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Editor's Corner
Excerpted from the June 2005 Newsletter

Searching for the Right Opening

Yes, a good opening does matter. You’ve got to get them to listen before you can make a difference.

Make it a habit to collect your own interesting tidbits so you have a reservoir of material. If you keep your eyes open, the possibilities are everywhere.

Many of you are familiar with the specialty market Trader Joe’s. In their most recent “Fearless Flyer” 24-page description of various new products, I noticed some eye-catching openings, several of which I'm going to share in this space. These are lessons, examples—perhaps not directly applicable to your subject in content, but probably in style.

“A good steak is like a work of art. Only better. After all, if you tried to eat the Mona Lisa you'd surely be arrested.”
“We can't help but be excited about this product. It’s simple, yet complex, frozen, yet fresh-tasting, delicious, yet…well, it’s just delicious.”
“Because we think about food, well, all the time, we started wondering…could we find a way to make our Tri-Tip even better than it already was? If you’ve eaten our Tri-Tip, you're probably thinking this is a nearly impossible task.”
“Some people call it bulgogi while others prefer Bool Kogi. If you’re unsure of which name to use, why not just call it Korean Style BBQ Sauce? We did.”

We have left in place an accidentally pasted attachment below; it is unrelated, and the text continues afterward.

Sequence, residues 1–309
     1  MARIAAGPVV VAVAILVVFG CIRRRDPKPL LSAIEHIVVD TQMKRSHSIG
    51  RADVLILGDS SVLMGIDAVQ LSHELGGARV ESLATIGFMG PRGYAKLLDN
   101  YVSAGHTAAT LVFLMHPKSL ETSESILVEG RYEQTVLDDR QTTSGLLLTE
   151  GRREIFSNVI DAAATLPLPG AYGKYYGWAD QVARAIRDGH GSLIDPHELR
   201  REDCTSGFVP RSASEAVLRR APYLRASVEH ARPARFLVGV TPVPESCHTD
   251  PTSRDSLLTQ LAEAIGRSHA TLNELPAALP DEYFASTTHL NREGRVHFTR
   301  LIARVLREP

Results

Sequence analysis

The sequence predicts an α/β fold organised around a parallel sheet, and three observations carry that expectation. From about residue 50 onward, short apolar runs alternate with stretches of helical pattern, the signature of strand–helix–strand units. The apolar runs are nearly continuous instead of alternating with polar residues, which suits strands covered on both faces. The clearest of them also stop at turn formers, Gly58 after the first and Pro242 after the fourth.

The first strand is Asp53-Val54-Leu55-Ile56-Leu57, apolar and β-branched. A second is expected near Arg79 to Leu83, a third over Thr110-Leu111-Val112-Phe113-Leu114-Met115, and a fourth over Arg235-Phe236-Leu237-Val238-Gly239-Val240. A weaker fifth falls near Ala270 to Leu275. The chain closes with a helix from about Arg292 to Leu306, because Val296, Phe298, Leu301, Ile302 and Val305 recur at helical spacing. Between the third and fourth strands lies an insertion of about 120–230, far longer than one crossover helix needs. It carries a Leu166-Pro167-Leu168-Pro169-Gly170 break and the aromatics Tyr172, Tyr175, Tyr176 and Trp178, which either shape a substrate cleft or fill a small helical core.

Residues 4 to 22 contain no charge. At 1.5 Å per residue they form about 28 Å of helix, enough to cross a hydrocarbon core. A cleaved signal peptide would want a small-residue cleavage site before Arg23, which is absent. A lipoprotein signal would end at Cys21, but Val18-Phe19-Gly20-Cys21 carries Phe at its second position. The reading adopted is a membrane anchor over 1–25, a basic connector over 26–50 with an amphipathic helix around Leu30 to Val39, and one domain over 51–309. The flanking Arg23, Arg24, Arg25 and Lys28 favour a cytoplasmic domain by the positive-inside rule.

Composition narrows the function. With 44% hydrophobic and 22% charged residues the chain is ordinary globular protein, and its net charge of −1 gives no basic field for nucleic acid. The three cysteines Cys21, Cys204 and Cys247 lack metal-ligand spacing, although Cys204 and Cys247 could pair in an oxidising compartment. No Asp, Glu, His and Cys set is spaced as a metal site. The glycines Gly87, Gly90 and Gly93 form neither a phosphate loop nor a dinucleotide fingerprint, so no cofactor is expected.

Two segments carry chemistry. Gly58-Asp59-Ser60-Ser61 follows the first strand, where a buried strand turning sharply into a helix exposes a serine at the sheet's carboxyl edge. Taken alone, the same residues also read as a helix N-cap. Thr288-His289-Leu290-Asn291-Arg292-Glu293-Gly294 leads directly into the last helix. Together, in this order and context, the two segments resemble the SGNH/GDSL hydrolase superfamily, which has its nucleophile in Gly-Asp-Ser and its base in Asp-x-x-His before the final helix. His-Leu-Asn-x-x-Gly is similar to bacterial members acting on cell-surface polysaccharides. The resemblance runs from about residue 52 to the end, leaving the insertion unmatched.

“You might not initially see anything different about our bananas, but we’re going to let you in on a little trade secret…”
“People often ask us how we can sell imported Italian Pasta for a mere 69 cents a pound. The answer is simple—volume.”
“Would you believe us if we told you that, ounce for ounce, Trader Joe’s Dark Chocolate Covered Raisins are less expensive in 2005 than they were in 1993? It's true.”

These examples could serve as models for opening your own presentation. If you are one of the first 3 people to e-mail me a suggestion for using one of these in a potential business presentation I will send you a free copy of one of my new tips booklets.

Dear Teach

I’m currently attending Highline Community College where one of my classes is “Speech 100.” Your web site has helped me out a lot. I did my first speech presentation last Thursday; your web site information saved me.

You're Ready...and They Aren't

Question: “What do you do when your audience is talking and not paying attention when you're ready to start?”

Answer:First, use the time to collect your thoughts and remember the purpose of the meeting and what you intend to do. Breathe and focus. Next, arrange your posture in speaker mode: you’re in charge, so be sure you feel it and look it. And expect to bring them to attention.

Look around the room, focusing on a few people, one at a time, and if you catch people’s eye, those may help quiet the others.

You can say, “Hi,” using people’s names, which can forward the process.

And you can say, “Good morning,” sounding like you mean it, and continue looking around at people with an attitude of expectancy and joy. No school teacher disciplinarian attitude allowed here.